This an excellent example of a project that came together using available parts to solve a problem without the frills. The DIY fish feeder is another example of a project with functional design and is a great example of DIY.

Hackaday Prize Official Rules Update

We have made a change to the Official Rules of the 2017 Hackaday Prize that removes a potential ambiguity in the language. This section details the Announcement of the Challenge Round Results for Challenge Round 2 finalists. The correct language is as follows:

ii. On or around June 19, 2017, Sponsor will select up to twenty (20) Challenge Round 2 submissions to advance to the Final Round based on the six (6) evenly-weighted criteria above.

This section is now consistent with the existing language for the other four challenges. It is important to disclose changes to the official rules which is why we’re publishing this article today.

The Hackaday Prize is our global engineering initiative that challenges hackers, designers, and engineers to build something that matters. With over $250,000 in prizes, this summer is a great time to direct your creative energy toward engineering for social good. Right now we’re looking for things that move humanity forward with the Wings, Wheels, and Walkers challenge. Also in progress right now is the Best Product part of the Hackaday Prize which tells the tale of what goes into product engineering and building a community and a company around your creations. As we progress into the summer we’re looking forward to Assistive Technology, and Anything Goes challenges. Enter now!

Biped Bob Walks And Dances

If you have a few servo motors, an Arduino, and a Bluetooth module, you could make Biped Bob as a weekend project. [B. Aswinth Raj] used a 3D printer, but he also points out that you could have the parts printed by a service or just cut them out of cardboard. They aren’t that complex.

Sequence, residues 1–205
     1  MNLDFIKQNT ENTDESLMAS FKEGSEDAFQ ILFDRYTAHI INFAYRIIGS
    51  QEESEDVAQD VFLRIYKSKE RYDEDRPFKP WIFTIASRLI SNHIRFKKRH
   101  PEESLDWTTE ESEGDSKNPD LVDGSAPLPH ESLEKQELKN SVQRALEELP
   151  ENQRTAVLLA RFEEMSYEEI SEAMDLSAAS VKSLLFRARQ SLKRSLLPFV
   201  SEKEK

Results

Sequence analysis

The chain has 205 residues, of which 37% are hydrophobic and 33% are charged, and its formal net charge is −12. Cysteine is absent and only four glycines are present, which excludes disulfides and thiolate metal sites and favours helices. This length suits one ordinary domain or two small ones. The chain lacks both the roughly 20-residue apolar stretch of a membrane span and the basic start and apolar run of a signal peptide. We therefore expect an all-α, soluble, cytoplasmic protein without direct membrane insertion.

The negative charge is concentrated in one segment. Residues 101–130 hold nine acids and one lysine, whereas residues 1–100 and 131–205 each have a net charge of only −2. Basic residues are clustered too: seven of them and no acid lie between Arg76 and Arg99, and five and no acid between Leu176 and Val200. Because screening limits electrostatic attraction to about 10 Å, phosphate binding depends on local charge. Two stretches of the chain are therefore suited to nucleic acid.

Each of Bob’s legs has two servo motors: one for the hip and one for the ankle. Of course, the real work is in the software, and the post breaks it down piece-by-piece. In addition to the Arduino code, there’s an Android app written using Processing. You can build it yourself, or download the APK. The robot connects to the phone via BlueTooth and provides a simple user interface to do a few different walking gaits and dances. You can see a few videos of Biped Bob in action, below.

This wouldn’t be a bad starter project for a young person or anyone getting started with robotics, especially if you have a 3D printer. However, it is fairly limited since there are no sensors. Then again, that could be version two, if you were feeling adventurous.

We have mixed feelings about the BlueTooth control. BlueTooth modules are cheap and readily available, but so are ESP8266s. It probably would not be very difficult to put Bob on WiFi and let him serve his own control page to any web browser.

If Bob meets Jimmy, he may find himself envious. However, Jimmy would be a little more challenging to build. We’ve actually seen quite a few walking ‘bots over the years. Continue reading “Biped Bob Walks And Dances”